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HAMILTON ANXIETY RATING SCALE (HAM-A)
Hamilton M. (1959) The assessment of anxiety states by rating. Br J Med Psychol. 32:50-55.

For each item write in the box the number that best characterises the patient
during the past week

1 - ANXIOUS MOOD This item covers the emotional condition of uncertainty about the future, ranging from worry, insecurity, irritability and apprehension to overpowering dread.

 

0

Absent.

 

1

Doubtful whether the patient is more insecure or irritable than usual.

 

2

The patient is clearly in a state of anxiety, apprehension or irritability, which he may find difficult to control. However, the worrying still is about minor matters and thus without influence on the patient's daily life.

 

3

At times the anxiety or insecurity is more difficult to control because the worrying is about major injuries or harms which might occur in the future. Has occasionally interfered with the patient's daily life.

 

4

The feeling of dread is present so often that it markedly interferes with the patient's daily life.

2 - TENSION This item includes inability to relax, nervousness, bodily tensions, trembling and restless fatigue.

 

0

Absent.

 

1

The patient seems somewhat more nervous and tense than usual.

 

2

Patient is clearly unable to relax and is full of inner unrest, which he finds difficult to control, but it is still without influence on the patient's daily life.

 

3

The inner unrest and nervousness is so intense or frequent that it occasionally interferes with the patient's daily work.

 

4

Tensions and unrest interfere with the patient's life and work at all times.

3 - FEARS This item includes fear of being in a crowd, of animals, of being in public places, of being alone, of traffic, of strangers, of dark etc. It is important to note whether there has been more phobic anxiety during the present episode than usual.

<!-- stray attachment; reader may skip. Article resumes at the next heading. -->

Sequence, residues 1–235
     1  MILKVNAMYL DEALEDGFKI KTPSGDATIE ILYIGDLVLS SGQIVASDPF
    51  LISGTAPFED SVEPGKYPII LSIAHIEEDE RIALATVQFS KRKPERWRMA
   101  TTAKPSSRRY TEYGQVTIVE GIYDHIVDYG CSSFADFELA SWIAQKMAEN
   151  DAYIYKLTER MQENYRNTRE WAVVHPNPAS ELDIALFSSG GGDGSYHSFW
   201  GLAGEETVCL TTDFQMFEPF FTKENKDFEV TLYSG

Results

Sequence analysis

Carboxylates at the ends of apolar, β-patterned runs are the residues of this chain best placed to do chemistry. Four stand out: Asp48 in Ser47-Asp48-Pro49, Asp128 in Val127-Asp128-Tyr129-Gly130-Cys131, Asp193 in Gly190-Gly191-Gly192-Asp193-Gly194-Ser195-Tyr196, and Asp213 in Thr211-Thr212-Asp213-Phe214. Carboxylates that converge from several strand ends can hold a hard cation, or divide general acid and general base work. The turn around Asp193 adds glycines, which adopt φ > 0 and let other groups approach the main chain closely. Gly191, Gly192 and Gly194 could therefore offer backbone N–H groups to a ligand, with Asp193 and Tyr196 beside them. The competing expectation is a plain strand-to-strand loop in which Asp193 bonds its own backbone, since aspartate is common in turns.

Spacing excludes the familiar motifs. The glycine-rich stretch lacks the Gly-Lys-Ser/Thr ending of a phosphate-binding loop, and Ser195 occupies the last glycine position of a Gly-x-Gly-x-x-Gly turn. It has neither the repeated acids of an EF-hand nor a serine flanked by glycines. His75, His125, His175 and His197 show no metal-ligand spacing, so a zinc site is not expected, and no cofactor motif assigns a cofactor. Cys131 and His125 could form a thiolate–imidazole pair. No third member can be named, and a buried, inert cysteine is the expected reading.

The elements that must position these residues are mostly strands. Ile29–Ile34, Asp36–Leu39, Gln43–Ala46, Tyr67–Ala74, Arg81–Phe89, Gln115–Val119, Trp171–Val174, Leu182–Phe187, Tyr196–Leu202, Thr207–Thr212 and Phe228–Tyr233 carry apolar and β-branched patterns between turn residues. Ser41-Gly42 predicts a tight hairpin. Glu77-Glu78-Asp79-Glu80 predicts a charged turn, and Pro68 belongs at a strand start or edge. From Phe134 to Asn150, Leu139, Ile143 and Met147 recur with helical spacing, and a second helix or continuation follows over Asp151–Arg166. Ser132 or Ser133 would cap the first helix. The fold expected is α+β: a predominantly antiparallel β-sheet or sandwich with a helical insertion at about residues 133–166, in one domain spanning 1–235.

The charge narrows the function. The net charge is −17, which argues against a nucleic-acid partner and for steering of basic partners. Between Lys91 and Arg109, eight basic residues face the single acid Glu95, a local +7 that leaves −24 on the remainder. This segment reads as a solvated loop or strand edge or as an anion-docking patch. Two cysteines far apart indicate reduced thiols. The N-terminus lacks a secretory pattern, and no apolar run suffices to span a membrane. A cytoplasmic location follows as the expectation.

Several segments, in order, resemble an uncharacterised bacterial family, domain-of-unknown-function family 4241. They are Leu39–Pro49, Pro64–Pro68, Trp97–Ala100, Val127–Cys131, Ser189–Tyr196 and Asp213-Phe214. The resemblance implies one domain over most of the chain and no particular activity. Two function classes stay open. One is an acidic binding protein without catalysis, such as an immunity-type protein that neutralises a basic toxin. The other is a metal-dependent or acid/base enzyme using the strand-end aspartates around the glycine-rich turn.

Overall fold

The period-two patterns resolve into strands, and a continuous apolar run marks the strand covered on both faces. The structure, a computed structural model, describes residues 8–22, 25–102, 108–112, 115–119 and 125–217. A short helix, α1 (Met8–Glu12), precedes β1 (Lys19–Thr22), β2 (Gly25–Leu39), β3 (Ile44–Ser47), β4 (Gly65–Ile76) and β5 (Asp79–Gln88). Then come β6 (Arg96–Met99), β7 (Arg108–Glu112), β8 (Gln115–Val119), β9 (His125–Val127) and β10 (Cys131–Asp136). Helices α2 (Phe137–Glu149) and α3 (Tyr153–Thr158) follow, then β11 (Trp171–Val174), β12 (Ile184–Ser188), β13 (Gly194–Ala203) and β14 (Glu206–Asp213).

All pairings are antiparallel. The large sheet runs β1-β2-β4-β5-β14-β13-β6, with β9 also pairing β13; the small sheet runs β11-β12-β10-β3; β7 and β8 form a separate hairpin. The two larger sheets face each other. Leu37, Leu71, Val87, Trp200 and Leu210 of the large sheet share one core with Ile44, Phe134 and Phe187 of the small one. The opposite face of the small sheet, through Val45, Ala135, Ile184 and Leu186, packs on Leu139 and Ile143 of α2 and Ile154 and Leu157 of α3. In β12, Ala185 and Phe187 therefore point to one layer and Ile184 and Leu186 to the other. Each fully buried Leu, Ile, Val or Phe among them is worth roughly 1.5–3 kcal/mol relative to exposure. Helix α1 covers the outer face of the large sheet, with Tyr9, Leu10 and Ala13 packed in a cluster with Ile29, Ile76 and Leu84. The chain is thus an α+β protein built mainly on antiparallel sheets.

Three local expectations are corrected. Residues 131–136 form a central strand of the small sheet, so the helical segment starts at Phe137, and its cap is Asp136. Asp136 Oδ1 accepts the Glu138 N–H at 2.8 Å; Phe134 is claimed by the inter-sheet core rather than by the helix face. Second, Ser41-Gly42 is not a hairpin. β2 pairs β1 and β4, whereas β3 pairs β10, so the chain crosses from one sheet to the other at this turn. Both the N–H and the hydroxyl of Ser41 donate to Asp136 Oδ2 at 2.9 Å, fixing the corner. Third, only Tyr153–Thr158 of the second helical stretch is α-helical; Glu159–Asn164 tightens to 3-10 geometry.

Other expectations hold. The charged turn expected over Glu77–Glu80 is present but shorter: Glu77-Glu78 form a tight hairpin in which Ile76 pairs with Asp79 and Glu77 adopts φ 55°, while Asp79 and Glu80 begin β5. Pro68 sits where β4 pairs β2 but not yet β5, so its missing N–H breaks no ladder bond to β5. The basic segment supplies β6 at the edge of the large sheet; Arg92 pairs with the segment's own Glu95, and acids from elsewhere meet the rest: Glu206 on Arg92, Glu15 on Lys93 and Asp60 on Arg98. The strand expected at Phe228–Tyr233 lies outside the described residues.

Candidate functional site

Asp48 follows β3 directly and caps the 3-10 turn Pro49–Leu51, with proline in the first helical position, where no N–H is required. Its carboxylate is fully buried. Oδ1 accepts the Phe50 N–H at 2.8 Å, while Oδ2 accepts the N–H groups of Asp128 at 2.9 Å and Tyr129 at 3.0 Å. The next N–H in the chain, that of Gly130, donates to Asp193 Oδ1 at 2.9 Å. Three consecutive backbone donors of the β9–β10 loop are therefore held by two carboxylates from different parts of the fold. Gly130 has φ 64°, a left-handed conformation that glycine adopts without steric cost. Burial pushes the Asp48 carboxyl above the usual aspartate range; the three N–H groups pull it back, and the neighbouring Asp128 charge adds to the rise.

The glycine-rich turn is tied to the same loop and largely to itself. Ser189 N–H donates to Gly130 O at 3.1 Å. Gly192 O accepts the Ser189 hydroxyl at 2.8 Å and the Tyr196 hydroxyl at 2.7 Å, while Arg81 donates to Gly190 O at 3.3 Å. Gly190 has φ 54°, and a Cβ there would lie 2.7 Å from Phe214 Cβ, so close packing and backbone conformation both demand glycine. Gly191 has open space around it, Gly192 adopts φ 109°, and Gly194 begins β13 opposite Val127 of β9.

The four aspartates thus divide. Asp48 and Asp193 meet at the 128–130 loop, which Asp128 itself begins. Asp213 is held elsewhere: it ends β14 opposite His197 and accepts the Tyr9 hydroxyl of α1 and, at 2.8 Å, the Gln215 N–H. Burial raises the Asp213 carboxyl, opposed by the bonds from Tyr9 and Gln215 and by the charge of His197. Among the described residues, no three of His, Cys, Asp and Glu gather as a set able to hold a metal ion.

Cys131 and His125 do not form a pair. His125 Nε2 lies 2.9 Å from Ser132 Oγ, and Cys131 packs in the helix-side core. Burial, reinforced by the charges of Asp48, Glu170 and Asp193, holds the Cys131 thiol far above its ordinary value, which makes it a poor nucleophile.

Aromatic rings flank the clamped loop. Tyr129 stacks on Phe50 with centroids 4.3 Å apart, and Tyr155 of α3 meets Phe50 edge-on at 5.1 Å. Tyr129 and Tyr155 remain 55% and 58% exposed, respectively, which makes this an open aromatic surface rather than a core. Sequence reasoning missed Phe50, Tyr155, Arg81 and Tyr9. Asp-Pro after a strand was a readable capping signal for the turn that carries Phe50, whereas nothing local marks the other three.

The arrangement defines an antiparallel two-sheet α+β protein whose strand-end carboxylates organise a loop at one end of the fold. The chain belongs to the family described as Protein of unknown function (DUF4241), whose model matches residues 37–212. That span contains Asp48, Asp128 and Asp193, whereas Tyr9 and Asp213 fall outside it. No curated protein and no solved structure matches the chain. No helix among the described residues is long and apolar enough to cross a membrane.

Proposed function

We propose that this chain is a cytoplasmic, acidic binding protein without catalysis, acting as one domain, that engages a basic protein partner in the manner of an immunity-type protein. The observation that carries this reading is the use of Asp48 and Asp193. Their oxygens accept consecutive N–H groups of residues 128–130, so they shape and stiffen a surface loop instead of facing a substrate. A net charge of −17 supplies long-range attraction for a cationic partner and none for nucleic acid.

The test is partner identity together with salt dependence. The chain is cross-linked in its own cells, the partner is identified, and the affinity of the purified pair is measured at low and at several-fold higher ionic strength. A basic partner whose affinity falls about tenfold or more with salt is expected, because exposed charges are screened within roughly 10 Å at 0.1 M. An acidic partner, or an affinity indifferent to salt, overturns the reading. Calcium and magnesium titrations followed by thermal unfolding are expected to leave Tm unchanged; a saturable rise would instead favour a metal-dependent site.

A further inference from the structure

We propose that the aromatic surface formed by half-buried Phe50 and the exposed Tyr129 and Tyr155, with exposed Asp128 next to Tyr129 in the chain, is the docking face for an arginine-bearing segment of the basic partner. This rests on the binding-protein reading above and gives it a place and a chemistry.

0

Absent.

 

1

Doubtful whether present.

 

2

The patient experiences phobic anxiety but is able to fight it.

 

3

It is difficult to fight or overcome the phobic anxiety, which thus to some extent interferes with the patient's daily life and work.

 

4

The phobic anxiety clearly interferes with the patient's daily life and work.

4 - INSOMNIA This item covers the patient's subjective experience of sleep duration and sleep depth during the three preceding nights. Note: Administration of hypnotics or sedatives is disregarded

 

0

Usual sleep duration and sleep depth

 

1

Sleep duration is possibly or slightly reduced (e.g. due to difficulties falling asleep), but no change in sleep depth.

 

2

Sleep depth is also reduced, sleep being more superficial. Sleep as a whole is somewhat disturbed.

3

Sleep duration and sleep depth is markedly changed. Sleep periods total only a few hours per 24 hours.

4

Sleep depth is so shallow that the patient speaks of short periods of slumber or dozing, but no real sleep.


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